The R8 is built on the Modular Sportscar System (MSS) platform that also underpins the Huracan from corporate partner Lamborghini. A mostly aluminum spaceframe, MSS also uses carbon fiber to provide extra rigidity to the firewall and central tunnel. The structure is about 70 pounds lighter than that of the outgoing R8, contributing to an overall weight loss of roughly 110 pounds. It also boasts 40 percent more torsional stiffness, thanks in part to a pair of X braces, one on top of the engine and one behind it.

The R8 is initially offered in V10 and V10 Plus models. Both come with updated versions of the 5.2-liter V-10 engine. Horsepower is now 540 for the V10 and 610 for the V10 plus. Audi says fuel economy improves by 13 percent due to the addition of cylinder deactivation and a sailing feature that eliminates engine braking at low speeds.

While the outgoing model also offers a 4.2-liter V-8, the 2017 R8 does not. Audi’s twin-turbo 4.0-liter V-8 or a smaller force-fed engine may be offered in the future. Likewise, the 6-speed manual transmission also doesn’t return. That leaves just Audi’s S Tronic 7-speed dual-clutch gearbox as standard equipment.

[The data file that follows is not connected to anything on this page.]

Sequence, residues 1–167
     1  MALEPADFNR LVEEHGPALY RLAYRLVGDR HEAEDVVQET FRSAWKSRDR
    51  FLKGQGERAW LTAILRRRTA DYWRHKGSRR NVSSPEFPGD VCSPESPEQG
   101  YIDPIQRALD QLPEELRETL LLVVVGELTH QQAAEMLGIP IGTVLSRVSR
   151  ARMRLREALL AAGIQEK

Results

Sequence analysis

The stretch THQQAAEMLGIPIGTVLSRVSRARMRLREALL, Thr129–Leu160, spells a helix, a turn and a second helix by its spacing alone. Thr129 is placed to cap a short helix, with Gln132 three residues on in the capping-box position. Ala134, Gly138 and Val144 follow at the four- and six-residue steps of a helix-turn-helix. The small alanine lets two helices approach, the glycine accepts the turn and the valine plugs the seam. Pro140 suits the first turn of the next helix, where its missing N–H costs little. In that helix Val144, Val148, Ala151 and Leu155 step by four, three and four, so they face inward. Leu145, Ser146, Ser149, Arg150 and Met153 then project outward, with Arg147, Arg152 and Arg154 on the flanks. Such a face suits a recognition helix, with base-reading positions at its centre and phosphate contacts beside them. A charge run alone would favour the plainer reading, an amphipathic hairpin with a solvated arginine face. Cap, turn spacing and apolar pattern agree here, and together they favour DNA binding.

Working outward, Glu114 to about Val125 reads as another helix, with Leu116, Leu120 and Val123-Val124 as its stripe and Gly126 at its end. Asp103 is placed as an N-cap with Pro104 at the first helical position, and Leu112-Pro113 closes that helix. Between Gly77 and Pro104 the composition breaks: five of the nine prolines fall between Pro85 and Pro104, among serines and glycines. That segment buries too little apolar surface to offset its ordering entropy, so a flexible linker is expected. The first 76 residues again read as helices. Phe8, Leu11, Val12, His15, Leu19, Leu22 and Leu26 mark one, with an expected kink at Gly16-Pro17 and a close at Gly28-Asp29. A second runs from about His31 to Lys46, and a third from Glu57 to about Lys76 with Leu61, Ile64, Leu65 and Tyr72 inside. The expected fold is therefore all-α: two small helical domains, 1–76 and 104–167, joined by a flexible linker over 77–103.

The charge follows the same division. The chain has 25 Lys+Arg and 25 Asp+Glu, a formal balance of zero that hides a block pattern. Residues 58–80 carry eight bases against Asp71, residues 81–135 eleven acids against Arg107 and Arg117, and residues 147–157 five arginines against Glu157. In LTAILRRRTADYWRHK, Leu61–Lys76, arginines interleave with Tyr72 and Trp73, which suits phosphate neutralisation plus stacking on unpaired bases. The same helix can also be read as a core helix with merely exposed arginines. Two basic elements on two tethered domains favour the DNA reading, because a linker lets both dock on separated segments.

A supercar is about performance, and the R8 delivers. The V-10 rockets the car from 0 to 60 mph in about 3.5 seconds in the V10 model and just over 3 seconds in the V10 Plus. The power is ever-present and relentless when you get on the throttle, but the engine is also docile when the Audi Drive Select system is in the Comfort or Auto modes. The revs stay high in Dynamic mode and a launch control feature lets drivers repeat those quick 0 to 60 mph times over and over again.

Audi’s S Tronic transmission is appropriate for a supercar. Like the engine, the shifts are relaxed in Comfort or Auto and crisp and quick in the Dynamic mode. You’ll go around a track faster using this transmission than a manual, but we still pine for the gated metal shifter of the first-gen R8.

Notable options include an active dynamic steering with variable assist and variable ratios, and 20-inch wheels.